Nineteen years and counting. Ethiopian Prime Minister Meles Zenawi and his ruling EPRDF party are cruising to an easy “victory” in the May 23 elections. Taking power in 1991, Meles is as entrenched as they get.
Meles’ win did take some work. After the 2005 election, in which the opposition did too well for his liking, the hammer fell. Since then, political opponents and local journalists have been jailed. Foreign journalists denied visas. The internet jammed. Newspapers closed. There are credible reports of food aid being used as a political weapon. The government jams our Voice of America broadcasts, despite the nearly billion dollars of aid we give it each year. The State Department reports that Ethiopian security services commit politically motivated killings. The Meles government has the repression thing down pretty good.
Meles has buddies. Throughout the continent, several leaders are into their second, third and nearly fourth decades in power. No democrats here. The State Department tends to put them on pedestals, especially Rwanda’s Kagame and Uganda’s Museveni. Along with Meles, the Clinton Administration lauded these “new African leaders.”
I ran into the Ethiopian Ambassador last week. On democracy, he pleaded for time. African democracy is young, for sure. But that absolves sins of omission, poor infrastructure that frustrates voting, for example. Political hits and other violence against democrats are inexcusable. The Ambassador didn’t mention that his government is committed to “revolutionary democracy,” a collectivism that tolerates no dissent. The New York Times quotes a prominent Ethiopian dissident saying, “They still have this leftist ideology that the vanguard party is right for the people.” Trust me, they always will.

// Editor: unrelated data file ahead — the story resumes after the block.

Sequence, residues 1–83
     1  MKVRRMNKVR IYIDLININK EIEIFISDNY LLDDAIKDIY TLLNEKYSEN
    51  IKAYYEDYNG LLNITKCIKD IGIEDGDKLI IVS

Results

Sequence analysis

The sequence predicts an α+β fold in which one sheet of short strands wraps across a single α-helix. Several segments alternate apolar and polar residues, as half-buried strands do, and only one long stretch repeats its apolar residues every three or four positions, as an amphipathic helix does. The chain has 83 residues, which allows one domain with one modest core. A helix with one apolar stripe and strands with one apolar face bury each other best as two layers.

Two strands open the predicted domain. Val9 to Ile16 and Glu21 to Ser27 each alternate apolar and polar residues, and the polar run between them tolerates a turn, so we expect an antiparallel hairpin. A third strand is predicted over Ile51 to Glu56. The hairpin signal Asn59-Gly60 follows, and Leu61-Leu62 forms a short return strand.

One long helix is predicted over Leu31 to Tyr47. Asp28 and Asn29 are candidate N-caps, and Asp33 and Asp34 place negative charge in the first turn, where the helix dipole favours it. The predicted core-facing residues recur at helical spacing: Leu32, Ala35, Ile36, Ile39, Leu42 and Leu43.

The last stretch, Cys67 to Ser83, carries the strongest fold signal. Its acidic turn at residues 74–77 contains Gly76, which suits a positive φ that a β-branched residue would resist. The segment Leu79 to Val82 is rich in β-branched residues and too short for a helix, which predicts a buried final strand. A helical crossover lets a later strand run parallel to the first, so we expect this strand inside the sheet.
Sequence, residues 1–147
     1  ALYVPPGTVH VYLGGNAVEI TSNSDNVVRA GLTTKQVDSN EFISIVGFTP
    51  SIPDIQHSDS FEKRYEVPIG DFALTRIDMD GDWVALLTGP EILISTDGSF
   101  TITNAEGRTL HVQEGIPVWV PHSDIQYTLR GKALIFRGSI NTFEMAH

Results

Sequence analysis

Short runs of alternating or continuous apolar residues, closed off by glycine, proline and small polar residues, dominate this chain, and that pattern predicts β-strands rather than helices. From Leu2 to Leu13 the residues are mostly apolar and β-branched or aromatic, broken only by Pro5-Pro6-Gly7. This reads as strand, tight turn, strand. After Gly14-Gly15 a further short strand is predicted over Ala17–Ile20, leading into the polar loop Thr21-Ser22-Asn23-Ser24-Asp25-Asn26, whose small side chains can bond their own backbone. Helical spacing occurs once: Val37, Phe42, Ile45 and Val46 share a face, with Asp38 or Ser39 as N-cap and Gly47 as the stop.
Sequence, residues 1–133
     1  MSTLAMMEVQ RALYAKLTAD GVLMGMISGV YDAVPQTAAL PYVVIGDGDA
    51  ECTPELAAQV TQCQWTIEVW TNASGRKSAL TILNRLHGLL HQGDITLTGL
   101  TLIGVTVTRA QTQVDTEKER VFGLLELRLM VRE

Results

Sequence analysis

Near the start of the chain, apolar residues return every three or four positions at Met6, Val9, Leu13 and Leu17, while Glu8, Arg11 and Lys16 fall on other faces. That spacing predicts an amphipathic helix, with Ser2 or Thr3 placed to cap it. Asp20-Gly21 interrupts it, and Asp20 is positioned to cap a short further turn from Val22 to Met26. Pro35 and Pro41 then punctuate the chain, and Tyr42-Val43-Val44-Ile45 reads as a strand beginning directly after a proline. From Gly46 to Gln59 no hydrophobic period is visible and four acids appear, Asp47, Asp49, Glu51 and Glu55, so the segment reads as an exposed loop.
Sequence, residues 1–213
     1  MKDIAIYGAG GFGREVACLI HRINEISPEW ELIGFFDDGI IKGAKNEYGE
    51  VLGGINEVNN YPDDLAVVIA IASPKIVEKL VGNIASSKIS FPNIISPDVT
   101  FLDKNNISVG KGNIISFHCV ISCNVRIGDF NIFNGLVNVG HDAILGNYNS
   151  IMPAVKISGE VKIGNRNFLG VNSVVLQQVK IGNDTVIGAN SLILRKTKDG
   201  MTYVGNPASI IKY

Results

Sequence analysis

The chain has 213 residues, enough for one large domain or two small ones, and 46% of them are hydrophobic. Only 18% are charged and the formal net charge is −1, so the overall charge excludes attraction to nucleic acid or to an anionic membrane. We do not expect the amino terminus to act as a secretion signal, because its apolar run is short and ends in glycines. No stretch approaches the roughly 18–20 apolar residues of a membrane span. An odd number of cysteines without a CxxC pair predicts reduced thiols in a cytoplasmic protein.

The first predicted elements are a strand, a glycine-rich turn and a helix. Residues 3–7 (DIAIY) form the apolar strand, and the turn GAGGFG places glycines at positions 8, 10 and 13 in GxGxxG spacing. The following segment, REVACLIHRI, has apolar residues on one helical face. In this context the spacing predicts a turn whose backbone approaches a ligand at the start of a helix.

Last week, with seven other members of Congress, I wrote the State Department charging that in recent years it “has rarely spoken out about the Meles government’s human rights violations.” Diplomats, never wanting to offend, always short democracy. They go especially easy on Ethiopia because it checks jihadists in neighboring Somalia. I doubt the Ethiopian government hits them as hard as its political opponents.
Getting excited about democracy risks driving the Meles government into Chinese hands, some argue. Beijing is pouring billions into Ethiopia. This possible dance with Beijing says a lot about the Meles government’s true colors. Clearly, our real allies are the brave Ethiopian men and women fighting the rot of years of Meles’ unchecked reign. Aid them. Sadly, power has gotten to the point of absolutely corrupting Meles’ 19-year rule.
(Ed Royce, a Republican member of the United States House of Representatives from California, is a member of the Committee on Foreign Affairs and a former chairman of the Subcommittee on Africa.)